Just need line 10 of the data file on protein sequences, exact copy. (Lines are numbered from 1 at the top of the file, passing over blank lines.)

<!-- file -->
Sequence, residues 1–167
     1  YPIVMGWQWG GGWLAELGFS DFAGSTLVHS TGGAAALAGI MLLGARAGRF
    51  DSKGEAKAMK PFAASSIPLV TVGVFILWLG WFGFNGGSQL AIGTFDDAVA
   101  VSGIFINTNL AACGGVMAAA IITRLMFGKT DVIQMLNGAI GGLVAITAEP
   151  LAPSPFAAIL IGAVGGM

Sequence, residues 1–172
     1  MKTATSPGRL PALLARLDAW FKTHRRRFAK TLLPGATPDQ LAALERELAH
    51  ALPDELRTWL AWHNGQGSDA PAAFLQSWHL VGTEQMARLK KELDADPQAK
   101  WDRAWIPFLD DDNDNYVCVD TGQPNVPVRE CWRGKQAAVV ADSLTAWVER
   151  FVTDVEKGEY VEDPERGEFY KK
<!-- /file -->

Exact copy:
   151  FVTDVEKGEY VEDPERGEFY KK